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Given Kuwait’s dependence on oil, it seems appropriate to begin the country’s history in the Jurassic period (208-146 million years ago). Tectonic processes during the Jurassic and the Cretaceous (146-165 million years ago) periods trapped huge deposits of organic material beneath caps of impenetrable rock, resulting in the creation of huge underground oil reservoirs. During these millions of years, the surface area of present-day Kuwait was being formed by the alluvial sediments of a no-longer existent river. This sediment was rich in minerals, and the concentration of these minerals intensified when, at the end of the last ice age, about 11,500 years ago, the climate began to warm. Rising and evaporating groundwater brought these minerals to the surface in ever-larger concentrations, contaminating the soil and preventing any sustainable agriculture.
While much of the Fertile Crescent was entering the agricultural era about 11,000 years ago, no such activity took place in what is now Kuwait. Nonetheless, the area was almost certainly in use, as seasonal grazing grounds for nomadic herders, and, while there were no natural springs that permitted permanent settlement inland, the rich fishing grounds off Kuwait’s northern coasts attracted small fishing communities. The Euphrates and Tigris rivers drain into the Gulf just north of Kuwait’s borders. The nutrient-rich soil they deliver to the northern Gulf attracts a huge variety of fish and shellfish. This river delta also provided fresh water that could be transported down the coast by boat, an activity that continued well into the 20th century. The remains of one such early fishing community have been found at Ras al-Subiya. Stone walls, potsherds, and the remains of a boat discovered at this site hint at links with the Ubaid culture (4500-4000 BCE) of Mesopotamia.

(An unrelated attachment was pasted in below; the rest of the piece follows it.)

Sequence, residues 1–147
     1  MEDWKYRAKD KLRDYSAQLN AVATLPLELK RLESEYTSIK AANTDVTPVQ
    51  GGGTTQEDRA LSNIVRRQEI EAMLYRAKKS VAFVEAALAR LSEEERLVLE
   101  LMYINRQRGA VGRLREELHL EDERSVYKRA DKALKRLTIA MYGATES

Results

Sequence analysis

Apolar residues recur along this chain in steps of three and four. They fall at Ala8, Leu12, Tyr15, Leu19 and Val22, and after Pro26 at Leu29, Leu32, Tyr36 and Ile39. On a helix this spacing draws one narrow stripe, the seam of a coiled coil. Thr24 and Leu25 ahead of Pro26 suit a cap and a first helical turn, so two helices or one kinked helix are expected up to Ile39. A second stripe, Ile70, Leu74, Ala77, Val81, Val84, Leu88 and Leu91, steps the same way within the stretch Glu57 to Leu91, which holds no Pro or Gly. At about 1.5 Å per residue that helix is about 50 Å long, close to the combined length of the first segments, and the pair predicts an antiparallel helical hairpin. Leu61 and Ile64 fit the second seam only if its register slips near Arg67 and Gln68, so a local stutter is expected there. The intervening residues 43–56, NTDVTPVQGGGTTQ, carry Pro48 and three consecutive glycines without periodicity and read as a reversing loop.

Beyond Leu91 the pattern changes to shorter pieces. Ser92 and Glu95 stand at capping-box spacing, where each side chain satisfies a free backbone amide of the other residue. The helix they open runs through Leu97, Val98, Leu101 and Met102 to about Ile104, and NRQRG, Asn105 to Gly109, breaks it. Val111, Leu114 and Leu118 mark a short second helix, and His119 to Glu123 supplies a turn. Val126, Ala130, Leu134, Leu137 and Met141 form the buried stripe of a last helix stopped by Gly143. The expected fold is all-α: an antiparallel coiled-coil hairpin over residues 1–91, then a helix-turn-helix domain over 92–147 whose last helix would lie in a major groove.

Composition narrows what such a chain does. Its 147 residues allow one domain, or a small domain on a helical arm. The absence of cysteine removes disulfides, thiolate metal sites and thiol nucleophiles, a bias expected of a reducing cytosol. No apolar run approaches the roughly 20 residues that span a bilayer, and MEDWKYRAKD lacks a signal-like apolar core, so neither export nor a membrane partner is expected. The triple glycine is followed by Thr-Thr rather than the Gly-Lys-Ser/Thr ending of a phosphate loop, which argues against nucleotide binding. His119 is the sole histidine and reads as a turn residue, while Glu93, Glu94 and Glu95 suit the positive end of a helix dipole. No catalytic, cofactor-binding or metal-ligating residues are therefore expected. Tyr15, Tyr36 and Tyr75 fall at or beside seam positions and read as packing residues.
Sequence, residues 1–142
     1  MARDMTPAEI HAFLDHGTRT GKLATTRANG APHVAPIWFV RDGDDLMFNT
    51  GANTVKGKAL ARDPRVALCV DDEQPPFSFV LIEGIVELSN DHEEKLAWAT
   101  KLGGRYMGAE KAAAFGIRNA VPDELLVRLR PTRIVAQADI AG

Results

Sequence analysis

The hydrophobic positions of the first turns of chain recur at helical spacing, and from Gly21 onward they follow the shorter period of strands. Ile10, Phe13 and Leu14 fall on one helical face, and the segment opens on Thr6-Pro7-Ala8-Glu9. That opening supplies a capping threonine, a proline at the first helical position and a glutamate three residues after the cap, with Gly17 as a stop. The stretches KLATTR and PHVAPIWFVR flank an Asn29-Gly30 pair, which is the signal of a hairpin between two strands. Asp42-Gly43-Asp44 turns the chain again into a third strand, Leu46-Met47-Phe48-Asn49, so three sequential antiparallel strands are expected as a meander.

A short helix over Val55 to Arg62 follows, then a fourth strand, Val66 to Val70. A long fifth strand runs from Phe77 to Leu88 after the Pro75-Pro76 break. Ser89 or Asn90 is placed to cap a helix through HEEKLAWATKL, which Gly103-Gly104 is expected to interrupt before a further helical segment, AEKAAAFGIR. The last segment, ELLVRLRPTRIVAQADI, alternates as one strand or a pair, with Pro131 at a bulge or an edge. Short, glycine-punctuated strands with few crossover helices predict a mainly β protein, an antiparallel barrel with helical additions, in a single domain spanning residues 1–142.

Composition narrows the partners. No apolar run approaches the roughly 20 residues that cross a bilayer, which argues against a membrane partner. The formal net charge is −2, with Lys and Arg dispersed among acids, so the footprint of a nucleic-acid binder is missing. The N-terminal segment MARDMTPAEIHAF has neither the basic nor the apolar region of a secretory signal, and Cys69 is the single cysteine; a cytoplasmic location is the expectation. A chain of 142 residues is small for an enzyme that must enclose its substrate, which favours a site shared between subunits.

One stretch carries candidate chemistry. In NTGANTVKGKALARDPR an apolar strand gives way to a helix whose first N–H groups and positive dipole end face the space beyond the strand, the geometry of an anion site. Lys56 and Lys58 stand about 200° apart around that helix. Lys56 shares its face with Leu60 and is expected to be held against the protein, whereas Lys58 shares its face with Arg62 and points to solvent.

More substantial remains of an early settlement have been found on the island of Failaka, at the mouth of Kuwait Bay. Since 6000 BCE the sea level in the Gulf had been falling, and human habitation on low-lying Failaka became feasible around the middle of the third millennium BCE. The island’s attractions were obvious: it was located at a strategic point on the coastal trade route from Mesopotamia to the present-day United Arab Emirates. Being an island, it could be defended much more easily against Bedouin raiders than could site on the mainland surrounding Kuwait Bay.
On the tells of south-western Failaka have been found the remains of a Bronze Age trading settlement established around 2300 BCE. Archaeological remains are also present of the religious culture thriving in the period of the Dilmun civilization, which around this time probably centered on present-day Bahrain.
The power of Dilmun declined after 1600 BCE. Rising sea levels during the second half of the second millennium BCE also contributed to the fact that around 1000 BCE Failaka appears to have been completely deserted. The age-old cycle of rising and falling sea levels in the Gulf continued to influence local settlement patterns. When Nearchus, admiral of Alexander the Great, arrived at the head of the Gulf in 324 BCE, the water level had dropped again, below the present level. The area of the island Alexander himself is said to have named Ikaros was thus larger than it is today. A Greek trading colony was established on the island, and when Alexander died in Babylon in 323 BCE and his empire collapsed, Ikaros/Failaka retained its Hellenistic identity. Its inhabitants, including Arabs and Persians, continued for some centuries to speak Greek. The modern name Failaka may come from the classical Greek fylakion, ‘outpost’.